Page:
We seem to be on the road to recovery post-pandemic where more schools in England are including primary languages more consistently in their curriculum offer. International engagement is improving and there is a greater continuity between KS2 and KS3 transition which, although it still has some way to go, is definitely a step in the right direction if the government’s EBACC target of 90% of pupils including a foreign language in their choices is to be achieved. We see that in the Welsh curriculum, a development to include an international language strand into their offer is being implemented which will again spotlight the relevance and importance of foreign language learning at primary level. One further exciting development is the more prevalent use of digital resources and interactive apps to support pupils’ learning. For example, Primary Languages Network’s new web-based app ‘Planet Languages’ allows individual pupils to engage in a listening, reading and writing activity each week, consolidating the words and phrases they have previously learnt throughout the scheme of work. In the same way we have seen apps such as Spelling Shed and TT Rockstars increase the potential for pupils to self-study in bitesize chunks of time, language learning apps such as this aim to boost recall with its little and often approach.
Sara Davidson – Secondary Languages
The most exciting development for secondary languages, for this new academic year is the recent recognition by the DfE that the language teaching world needs some support. The government’s investment in the nationwide ‘National Consortium for Languages’ language hubs project, headed up by UCL’s Institute of Education, within which we have the Goethe Institut’s German Promotion Project (GIMAGINE project) to help German in particular will hopefully raise the profile of language learning. This £14.9 million investment (over three years) seeks to boost the number of pupils taking modern languages, as well as to promote heritage languages spoken by UK pupils, such as Polish and Bengali.
As well as this, we have new GCSEs to start preparing for (first examination in summer 2026). Hopefully the reduced vocabulary content will mean greater access to the qualification as well as the opportunity to push our best linguists beyond the constraints of the specification.
We also have a wonderfully inspiring and ever-growing community of language experts, presenters, podcasters, bloggers and writers out there, many of whom use social media to engage us in debate via the #mfltwitterati hashtag or on Facebook, Instagram and LinkedIn.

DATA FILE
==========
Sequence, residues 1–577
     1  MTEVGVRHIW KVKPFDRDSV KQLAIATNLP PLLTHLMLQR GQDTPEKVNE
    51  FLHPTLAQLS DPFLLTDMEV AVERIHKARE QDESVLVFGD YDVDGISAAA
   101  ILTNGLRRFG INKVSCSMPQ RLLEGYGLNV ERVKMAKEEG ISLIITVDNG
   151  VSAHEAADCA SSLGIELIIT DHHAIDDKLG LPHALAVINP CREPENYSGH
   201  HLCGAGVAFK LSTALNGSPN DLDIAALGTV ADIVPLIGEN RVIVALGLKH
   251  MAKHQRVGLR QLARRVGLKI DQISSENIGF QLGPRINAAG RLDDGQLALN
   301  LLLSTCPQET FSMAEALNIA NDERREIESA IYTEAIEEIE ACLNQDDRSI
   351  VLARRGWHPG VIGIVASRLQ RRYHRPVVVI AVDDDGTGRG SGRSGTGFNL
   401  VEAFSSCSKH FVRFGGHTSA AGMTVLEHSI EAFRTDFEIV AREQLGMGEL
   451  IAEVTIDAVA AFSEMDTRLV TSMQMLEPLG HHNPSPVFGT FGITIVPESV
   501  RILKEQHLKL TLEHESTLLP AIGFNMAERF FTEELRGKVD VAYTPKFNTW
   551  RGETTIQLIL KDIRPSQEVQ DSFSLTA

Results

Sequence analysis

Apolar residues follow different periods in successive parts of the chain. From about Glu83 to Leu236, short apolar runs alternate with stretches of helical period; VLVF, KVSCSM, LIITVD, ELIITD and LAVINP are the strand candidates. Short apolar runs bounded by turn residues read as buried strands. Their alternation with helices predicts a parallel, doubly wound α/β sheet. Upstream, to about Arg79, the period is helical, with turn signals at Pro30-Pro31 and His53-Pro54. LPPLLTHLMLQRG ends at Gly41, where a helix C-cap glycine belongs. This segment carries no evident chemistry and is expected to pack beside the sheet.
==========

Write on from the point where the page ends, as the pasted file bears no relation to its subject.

Allie Beaumont – Primary Science
The EEF recently released their evaluation of the Focus4TAPS three-day training programme which aimed to support teaching, learning and assessment in primary science. It is generally felt that teachers in primary schools find the assessment of working scientifically skills more challenging – this programme aimed to support teachers with the understanding of disciplinary knowledge and effective teaching and assessment of this area. The programme was independently evaluated by the EEF and was shown to have a positive impact on student outcomes. It is not often that trials achieve such promising results and this has led to the EEF funding more schools to participate in the evidence-based programme. It is the intention to increase the capacity of accredited trainers so that the programme is more widely accessible.
Focus4TAPS draws together research from the Teacher Assessment in Primary Science (TAPS) project, which was funded by the Primary Science Teaching Trust with the yearlong programme. It is the combining of the research with the training that has been shown to have the impact. The EEF website succinctly explains: “The Focus4TAPS programme aims to improve science attainment of pupils, by improving teaching approaches and assessment in science. The course supports teachers to use assessment for learning in their classrooms, with a particular focus on assessing practical inquiry tasks to help pupils develop scientific reasoning skills and the use of self and peer-assessment to develop pupils’ metacognitive skills. The training provides resources and activities for teachers to use.”
This programme is exciting because of its focus on the disciplinary knowledge and the importance of teachers developing our students into the scientists of tomorrow.
Helen Snelson – Secondary History
There is a real energy about history teaching right now. The history teaching community is vibrant, noisy and there is a restlessness to change what we can, even though the much needed reform of exam specifications is not yet with us. Here are a few exciting things to connect with and keep an eye on:
ii) UCL is leading work on history education for a sustainable future with their new free CPD modules.
iii) The Schools History Project has a new Director, Dan Lyndon-Cohen. Dan brings years of expertise in teaching and teacher education to this role and is very keen to interpret the founding SHP principles for today’s history classrooms. If you are not familiar with the SHP, then you can find out more here.
iv) The Historical Association is leading a project to engage with young voices. You can listen to the first round of this work, in which students in a variety of schools consulted 100s of their peers about what sort of history they would like to learn.
If you have any questions you would like to ask our experts, then please contact us.